New Directions in Group Communication takes as its mission the setting of the agenda for the study of group communication in the future. It does so by presenting work that scholars have not previously explored in the current small group communication literature. Part I focuses on new theoretical and conceptual directions, both presenting new views and extending current positions. Part II examines new research methodologies, while Part III looks at antecedent factors affecting group communication. Parts IV and V of the text provide insight into both group communication process and practices. Part VI covers different group communication contexts, including communication patterns in top management teams.  

Rethinking Traditional Approaches to Argument in Groups

Rethinking Traditional Approaches to Argument in Groups

Rethinking traditional approaches to argument in groups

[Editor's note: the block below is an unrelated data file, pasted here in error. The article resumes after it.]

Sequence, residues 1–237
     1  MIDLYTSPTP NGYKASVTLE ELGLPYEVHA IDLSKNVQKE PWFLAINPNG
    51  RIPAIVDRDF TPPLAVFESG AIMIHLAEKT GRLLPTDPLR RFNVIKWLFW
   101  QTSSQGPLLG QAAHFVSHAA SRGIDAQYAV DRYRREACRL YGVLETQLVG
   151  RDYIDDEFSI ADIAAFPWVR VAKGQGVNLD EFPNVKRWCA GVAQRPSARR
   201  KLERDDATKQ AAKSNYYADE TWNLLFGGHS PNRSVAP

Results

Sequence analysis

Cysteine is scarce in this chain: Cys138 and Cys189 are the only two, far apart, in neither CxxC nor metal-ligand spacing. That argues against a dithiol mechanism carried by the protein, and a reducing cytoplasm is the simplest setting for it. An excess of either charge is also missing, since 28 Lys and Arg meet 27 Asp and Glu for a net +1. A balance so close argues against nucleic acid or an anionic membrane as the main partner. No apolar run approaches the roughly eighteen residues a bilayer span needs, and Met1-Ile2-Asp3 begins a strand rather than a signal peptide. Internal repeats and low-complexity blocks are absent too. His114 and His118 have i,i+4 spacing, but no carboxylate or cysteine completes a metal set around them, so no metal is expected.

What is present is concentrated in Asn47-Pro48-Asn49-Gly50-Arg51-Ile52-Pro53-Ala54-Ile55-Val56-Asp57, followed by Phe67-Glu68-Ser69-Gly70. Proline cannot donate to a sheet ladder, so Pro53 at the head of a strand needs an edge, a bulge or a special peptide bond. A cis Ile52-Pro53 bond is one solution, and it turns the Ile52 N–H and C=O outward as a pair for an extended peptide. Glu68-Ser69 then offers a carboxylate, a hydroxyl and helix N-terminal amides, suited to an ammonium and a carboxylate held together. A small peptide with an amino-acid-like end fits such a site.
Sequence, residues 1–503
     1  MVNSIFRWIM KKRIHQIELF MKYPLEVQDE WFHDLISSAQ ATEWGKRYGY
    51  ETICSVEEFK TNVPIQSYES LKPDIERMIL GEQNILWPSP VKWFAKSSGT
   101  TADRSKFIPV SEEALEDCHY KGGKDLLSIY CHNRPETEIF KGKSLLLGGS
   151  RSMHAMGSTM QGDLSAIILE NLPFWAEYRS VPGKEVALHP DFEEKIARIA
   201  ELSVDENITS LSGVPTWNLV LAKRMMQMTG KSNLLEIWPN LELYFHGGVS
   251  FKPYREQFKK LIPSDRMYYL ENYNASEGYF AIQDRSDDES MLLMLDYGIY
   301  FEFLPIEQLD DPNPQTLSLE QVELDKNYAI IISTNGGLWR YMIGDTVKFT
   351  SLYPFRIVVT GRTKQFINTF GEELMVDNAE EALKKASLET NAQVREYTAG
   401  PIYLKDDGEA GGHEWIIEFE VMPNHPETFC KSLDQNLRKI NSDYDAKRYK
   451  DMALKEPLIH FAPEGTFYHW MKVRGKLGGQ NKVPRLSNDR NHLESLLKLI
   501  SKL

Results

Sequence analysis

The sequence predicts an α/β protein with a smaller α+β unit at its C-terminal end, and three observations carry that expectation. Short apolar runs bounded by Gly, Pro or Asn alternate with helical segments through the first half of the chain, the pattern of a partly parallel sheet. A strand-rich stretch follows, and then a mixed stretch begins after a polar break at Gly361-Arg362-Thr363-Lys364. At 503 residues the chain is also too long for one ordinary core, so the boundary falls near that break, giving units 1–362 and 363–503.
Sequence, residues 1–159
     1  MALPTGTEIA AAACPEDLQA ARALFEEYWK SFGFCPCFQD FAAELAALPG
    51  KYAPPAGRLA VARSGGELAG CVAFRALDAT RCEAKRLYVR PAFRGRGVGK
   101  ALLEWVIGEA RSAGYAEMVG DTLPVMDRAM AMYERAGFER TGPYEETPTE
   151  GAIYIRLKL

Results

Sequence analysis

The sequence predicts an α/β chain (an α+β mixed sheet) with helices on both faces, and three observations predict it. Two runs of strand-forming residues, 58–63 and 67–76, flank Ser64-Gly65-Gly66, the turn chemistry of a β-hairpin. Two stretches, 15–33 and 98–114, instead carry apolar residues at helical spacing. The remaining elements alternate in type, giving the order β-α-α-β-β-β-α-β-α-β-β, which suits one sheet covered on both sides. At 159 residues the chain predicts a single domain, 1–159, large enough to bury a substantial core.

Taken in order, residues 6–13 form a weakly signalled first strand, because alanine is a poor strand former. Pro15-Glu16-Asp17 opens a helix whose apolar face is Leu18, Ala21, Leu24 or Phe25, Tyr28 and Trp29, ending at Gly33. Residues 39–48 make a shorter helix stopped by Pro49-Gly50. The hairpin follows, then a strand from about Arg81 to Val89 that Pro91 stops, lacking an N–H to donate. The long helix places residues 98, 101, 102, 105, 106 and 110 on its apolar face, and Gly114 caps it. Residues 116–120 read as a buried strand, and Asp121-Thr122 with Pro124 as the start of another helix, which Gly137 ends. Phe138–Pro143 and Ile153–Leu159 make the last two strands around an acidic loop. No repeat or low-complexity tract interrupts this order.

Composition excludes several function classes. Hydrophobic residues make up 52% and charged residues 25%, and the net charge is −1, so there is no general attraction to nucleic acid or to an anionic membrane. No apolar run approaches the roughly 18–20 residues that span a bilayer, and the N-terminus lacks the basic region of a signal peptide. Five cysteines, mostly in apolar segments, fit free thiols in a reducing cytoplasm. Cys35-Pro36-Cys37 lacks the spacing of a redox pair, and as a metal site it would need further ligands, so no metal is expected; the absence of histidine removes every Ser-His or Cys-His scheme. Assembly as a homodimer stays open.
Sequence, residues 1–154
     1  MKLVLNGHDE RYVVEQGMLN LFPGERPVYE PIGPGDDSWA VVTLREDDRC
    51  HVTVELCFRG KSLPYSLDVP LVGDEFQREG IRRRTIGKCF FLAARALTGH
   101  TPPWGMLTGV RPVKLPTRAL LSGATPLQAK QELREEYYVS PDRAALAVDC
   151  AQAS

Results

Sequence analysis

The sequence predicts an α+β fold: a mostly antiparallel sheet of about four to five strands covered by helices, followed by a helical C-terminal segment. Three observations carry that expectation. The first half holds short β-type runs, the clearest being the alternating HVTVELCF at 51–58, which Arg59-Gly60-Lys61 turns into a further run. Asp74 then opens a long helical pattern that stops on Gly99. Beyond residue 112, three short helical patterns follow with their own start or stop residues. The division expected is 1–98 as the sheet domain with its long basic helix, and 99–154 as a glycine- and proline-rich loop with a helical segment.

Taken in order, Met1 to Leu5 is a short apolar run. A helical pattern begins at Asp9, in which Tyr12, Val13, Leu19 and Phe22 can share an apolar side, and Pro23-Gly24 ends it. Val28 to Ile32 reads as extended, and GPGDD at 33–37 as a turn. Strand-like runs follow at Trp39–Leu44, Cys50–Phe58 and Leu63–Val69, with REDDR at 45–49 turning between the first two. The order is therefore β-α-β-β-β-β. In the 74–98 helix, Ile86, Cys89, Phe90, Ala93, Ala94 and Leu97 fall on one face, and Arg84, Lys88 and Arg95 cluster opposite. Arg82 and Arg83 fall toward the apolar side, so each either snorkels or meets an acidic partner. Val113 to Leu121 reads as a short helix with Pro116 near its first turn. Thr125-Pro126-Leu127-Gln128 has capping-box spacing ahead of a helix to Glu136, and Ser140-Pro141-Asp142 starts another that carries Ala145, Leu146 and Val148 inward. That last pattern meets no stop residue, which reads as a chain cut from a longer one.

RenéE A. Meyers University of Wisconsin—Milwaukee
Dale E. Brashers University of Illinois—Urbana Champaign

On Sunday, December 10, 1989, parishioners at St. Patrick's Cathedral in New York City were joined by more than 4,500 AIDS and reproduction rights activists staging a “STOP THE CHURCH” protest. … Protesters held mock tombstones while hundreds of others lay down in the street, enacting one of ACT UP's (AIDS Coalition to Unleash Power) trademark “die-ins.” … Throughout the crowd, signs declared: “Curb Your Dogma,” “Papal Bull,” and “Danger: Narrow Minded Church Ahead.” … One activist yelled “Bigot” and “Stop the Murder” over Cardinal O'Connor's sermon, and other protesters soon joined in.

Christiansen and Hanson (1996, p. 157)

The form of protest ...

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